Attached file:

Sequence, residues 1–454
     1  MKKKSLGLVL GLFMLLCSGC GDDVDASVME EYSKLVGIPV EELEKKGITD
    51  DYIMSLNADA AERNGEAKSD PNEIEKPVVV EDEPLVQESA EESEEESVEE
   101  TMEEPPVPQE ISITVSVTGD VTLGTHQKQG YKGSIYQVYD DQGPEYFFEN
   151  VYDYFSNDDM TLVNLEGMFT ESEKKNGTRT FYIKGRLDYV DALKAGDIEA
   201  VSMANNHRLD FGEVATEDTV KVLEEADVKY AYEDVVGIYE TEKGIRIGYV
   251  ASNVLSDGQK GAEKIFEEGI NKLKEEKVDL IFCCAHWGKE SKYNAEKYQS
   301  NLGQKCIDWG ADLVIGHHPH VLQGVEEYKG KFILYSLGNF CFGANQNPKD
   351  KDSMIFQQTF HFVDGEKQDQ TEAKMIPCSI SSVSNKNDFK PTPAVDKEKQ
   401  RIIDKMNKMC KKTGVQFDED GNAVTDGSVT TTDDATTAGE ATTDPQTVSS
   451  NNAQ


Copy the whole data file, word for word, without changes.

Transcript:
Sequence, residues 1–454
     1  MKKKSLGLVL GLFMLLCSGC GDDVDASVME EYSKLVGIPV EELEKKGITD
    51  DYIMSLNADA AERNGEAKSD PNEIEKPVVV EDEPLVQESA EESEEESVEE
   101  TMEEPPVPQE ISITVSVTGD VTLGTHQKQG YKGSIYQVYD DQGPEYFFEN
   151  VYDYFSNDDM TLVNLEGMFT ESEKKNGTRT FYIKGRLDYV DALKAGDIEA
   201  VSMANNHRLD FGEVATEDTV KVLEEADVKY AYEDVVGIYE TEKGIRIGYV
   251  ASNVLSDGQK GAEKIFEEGI NKLKEEKVDL IFCCAHWGKE SKYNAEKYQS
   301  NLGQKCIDWG ADLVIGHHPH VLQGVEEYKG KFILYSLGNF CFGANQNPKD
   351  KDSMIFQQTF HFVDGEKQDQ TEAKMIPCSI SSVSNKNDFK PTPAVDKEKQ
   401  RIIDKMNKMC KKTGVQFDED GNAVTDGSVT TTDDATTAGE ATTDPQTVSS
   451  NNAQ